Help for the health insurance season

The national enrollment period for health insurance through the exchanges is taking place now, with a Jan. 31 deadline, and if you are confused I don’t blame you. But it may not be all that intimidating. Some practical information:

An exchange is where you go to get health insurance if you don’t have coverage through Medicare, Medicaid, or another plan such as an employer’s group plan. In New Mexico, the exchange is called “bewellnm.com.”

You can go to the website and click on a link to find help online, by phone or in person in your part of the state. Scroll down to the blue-green box that says “get started today” and click on “I need help with my application.” From there you can click on “Find a broker” or “Find a counselor.” Enter your zip code or your county and you will see a list of the people in your area.

Or skip the computer and phone 1-855-996-6449.

Either an insurance broker or an enrollment counselor has the knowledge to help you through the enrollment process. They are located throughout New Mexico.

(The recommendations here are from a training program given by the Office of the Superintendent of Insurance and BeWellNM.)

If you already have coverage through the exchange (except for Presbyterian), you can do nothing and let it roll over for another year, but it’s recommended that you review your plan to see whether your needs or the plan’s provisions have changed.

For individual coverage, there are four options through the exchange: Blue Cross Blue Shield, Molina, Christus, or New Mexico Health Connections, which is a relatively new in-state nonprofit health insurer.

Each of these four offers a few plans. The major differences: Some plans will cost you less in premium, but you might have to pay more in deductibles and co-pays. If you are in good health and have few medical needs, the lowest premium might be your best option.

If you change plans, you might lose access to a particular doctor. If that is important to you, you can check before changing.

Presbyterian has dropped out of the exchange this year. If you already have coverage with Presbyterian through the exchange, and you don’t switch, you will be enrolled in another plan, but you can change later.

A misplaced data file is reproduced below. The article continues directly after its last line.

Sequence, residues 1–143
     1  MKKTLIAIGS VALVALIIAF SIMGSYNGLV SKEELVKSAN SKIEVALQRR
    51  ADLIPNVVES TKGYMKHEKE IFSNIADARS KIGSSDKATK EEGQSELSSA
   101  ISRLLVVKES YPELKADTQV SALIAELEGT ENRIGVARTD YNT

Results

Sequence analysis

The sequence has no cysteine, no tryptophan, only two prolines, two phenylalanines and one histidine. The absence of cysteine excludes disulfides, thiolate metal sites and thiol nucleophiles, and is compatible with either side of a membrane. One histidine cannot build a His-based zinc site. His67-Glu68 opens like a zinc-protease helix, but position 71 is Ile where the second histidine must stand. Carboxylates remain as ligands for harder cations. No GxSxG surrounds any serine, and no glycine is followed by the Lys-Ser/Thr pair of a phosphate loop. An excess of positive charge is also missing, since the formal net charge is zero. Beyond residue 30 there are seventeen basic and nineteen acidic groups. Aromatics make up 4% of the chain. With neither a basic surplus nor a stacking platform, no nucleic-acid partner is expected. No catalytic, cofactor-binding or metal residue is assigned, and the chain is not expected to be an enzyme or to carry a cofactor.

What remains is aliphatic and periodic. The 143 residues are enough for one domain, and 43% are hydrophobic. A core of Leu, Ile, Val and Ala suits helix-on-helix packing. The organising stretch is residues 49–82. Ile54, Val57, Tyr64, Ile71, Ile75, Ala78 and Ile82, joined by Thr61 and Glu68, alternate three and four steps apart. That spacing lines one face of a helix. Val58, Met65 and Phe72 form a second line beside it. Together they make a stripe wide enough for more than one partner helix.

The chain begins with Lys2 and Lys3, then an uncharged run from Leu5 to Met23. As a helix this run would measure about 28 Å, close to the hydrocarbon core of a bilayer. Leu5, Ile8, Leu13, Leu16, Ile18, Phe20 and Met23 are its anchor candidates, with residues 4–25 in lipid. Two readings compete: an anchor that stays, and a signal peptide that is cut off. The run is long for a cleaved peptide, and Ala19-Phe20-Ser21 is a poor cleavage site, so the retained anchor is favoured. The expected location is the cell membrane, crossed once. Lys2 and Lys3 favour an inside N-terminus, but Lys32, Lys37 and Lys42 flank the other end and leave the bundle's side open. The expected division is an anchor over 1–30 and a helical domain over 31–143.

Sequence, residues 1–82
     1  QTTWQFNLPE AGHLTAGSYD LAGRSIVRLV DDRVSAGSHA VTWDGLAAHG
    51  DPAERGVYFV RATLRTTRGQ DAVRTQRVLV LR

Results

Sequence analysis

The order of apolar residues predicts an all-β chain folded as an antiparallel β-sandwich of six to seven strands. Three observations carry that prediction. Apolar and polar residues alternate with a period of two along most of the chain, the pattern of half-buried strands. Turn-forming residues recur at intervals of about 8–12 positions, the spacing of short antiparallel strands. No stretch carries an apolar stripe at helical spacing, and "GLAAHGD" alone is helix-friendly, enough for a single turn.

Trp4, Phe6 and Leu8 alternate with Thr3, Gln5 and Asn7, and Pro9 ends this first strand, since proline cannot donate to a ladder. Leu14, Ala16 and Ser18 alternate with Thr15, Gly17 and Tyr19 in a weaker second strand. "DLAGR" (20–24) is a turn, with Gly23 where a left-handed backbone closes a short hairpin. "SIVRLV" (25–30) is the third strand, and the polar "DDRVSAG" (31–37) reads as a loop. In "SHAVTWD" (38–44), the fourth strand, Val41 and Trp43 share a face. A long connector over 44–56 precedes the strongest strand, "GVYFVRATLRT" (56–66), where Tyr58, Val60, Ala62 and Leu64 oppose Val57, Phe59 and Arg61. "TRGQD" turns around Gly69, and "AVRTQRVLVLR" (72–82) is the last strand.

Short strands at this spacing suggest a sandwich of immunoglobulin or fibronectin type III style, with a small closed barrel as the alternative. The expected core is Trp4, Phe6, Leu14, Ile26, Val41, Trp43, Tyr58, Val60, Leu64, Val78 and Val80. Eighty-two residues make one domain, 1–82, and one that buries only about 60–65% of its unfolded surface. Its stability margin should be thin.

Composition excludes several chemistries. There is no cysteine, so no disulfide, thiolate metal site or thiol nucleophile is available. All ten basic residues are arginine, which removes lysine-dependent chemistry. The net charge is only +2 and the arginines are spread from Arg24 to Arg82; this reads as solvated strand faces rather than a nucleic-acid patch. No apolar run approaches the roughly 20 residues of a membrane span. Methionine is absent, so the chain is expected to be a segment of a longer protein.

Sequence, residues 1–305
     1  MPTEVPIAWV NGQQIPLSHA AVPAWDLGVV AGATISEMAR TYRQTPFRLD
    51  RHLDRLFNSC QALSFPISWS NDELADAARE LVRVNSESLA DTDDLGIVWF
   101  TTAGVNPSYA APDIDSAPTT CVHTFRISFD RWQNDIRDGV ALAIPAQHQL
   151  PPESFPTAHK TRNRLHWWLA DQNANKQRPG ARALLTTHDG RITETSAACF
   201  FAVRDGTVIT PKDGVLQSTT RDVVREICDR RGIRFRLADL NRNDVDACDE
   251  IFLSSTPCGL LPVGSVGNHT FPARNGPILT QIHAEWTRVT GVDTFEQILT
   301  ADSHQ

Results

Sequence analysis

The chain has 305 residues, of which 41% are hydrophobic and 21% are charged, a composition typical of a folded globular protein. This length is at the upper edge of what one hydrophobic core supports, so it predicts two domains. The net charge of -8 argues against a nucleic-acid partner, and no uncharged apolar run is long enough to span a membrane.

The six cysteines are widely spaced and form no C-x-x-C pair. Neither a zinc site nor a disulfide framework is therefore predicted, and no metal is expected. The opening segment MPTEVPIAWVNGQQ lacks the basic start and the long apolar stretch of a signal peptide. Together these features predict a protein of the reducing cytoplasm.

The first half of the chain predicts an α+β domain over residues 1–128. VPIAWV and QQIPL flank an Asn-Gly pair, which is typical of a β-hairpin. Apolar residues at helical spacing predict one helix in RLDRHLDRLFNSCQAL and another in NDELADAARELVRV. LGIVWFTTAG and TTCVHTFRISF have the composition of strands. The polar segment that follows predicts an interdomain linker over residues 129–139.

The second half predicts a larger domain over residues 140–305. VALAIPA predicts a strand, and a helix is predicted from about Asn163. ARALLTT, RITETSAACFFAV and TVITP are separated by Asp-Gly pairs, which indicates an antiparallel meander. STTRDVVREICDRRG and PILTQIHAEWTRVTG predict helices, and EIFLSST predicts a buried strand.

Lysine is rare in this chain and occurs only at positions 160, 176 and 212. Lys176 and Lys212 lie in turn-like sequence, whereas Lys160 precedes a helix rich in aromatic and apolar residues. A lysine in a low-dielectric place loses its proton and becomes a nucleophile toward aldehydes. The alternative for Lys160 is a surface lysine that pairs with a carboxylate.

If you have Presbyterian coverage that isn’t through the exchange, this does not affect you.

Your cost could be going up, but so could your subsidy. A calculator on the website can tell you how much your subsidy might be.

When you are covered through the exchange, there is no lifetime maximum benefit. If you develop a serious illness that turns out to be costly, your access to benefits will never run out. Outside the exchange, it is possible for a plan to have a lifetime limit.

If, based on your income, you are eligible for Medicaid, the website will figure that out. You’ll be advised to get help enrolling in Medicaid. For Medicaid information, one place to check would be the nearest office of the Income Support Division of the state Human Services Department.

There is a special exchange program for Native Americans. They may continue to use the Indian Health Service and also get benefits through the exchange for services not available through IHS.

The election won’t affect the system in 2017, Insurance Superintendent John Franchini assures me.

The President-elect and both houses of Congress will be Republican, and have said they want to repeal the Affordable Care Act. However, even if they do, Franchini said approvals already in place will keep the system stable through 2017 and probably beyond.

No doubt it’s a clumsy system, but using the exchanges is no more difficult than selecting a Medicare supplement or private insurance. Whenever Congress gets around to it, the system will benefit from an overhaul, not a repeal.

Triple Spaced Again, © New Mexico News Services 2016

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